When students are younger, they practice writing hooks with specific structure. Many of my students are taught to write a hook using a rhetorical question, an anecdote or an interesting fact. Today, I am going to expose students to multiple opening paragraphs and encourage them to analyze how the authors chose to structure the beginning of the text contributes to its aesthetic impact (RL.11-12.5). During student work time, students will write their own hook using narrative techniques to develop a narrative experience modeled after the examples (W.9-10.3b).
First, we need to identify what makes the examples so great. I group students into groups of four. I give each group a copy of Opening paragraphs document. I tell each group to read and discuss the first example. After I give students a few minutes to discuss, I ask them to tell me what they notice about the first example. I write these on the board. This video teacher explanation of student share-out explains how I lead this discussion. I ask them to identify how the author's choices with their introduction create effects such as mystery, tension or surprise (RL.9-10.5) and how those choices impact the aesthetic (RL.11-12.5). We will continue this process for the other examples.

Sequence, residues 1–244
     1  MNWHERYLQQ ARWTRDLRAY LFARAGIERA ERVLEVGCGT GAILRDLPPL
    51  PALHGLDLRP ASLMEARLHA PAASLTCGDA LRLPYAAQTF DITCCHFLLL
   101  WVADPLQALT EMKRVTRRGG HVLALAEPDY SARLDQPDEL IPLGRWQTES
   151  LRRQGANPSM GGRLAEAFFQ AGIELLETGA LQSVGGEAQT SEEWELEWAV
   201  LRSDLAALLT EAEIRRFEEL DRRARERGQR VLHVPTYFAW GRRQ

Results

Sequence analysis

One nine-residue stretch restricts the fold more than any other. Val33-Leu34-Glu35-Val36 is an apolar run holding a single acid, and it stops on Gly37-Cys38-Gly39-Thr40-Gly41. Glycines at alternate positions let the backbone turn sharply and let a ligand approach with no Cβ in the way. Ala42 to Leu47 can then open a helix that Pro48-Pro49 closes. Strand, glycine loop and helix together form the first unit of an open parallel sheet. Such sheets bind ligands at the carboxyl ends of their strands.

I ask students to get out their heart map and their seed stories from the previous two lessons. I give students instructions:
We have spent the last 15 minutes identifying what makes great introductions, great. We have made a list on the board and now it is your turn to practice these strategies. I want you to choose one of your seed stories and write the introduction for that story. You will have 20 minutes to write your story. Don't worry about making it perfect. Rather, focus on engaging the reader by creating a smooth progression of experiences (W.9-10.3a) and using narrative techniques to develop those experiences (W.9-10.3b). As you work, I will come around to confer with you about your introductions. I will ask you to read your introductions aloud so that you and I both can hear your reading voice.
I ask students for volunteers to share their introductions. I put the introductions under the document camera. Students and I read the introductions and discuss what makes them great.
At the end of class, I tell students to put their introduction in their binder as unfinished writing.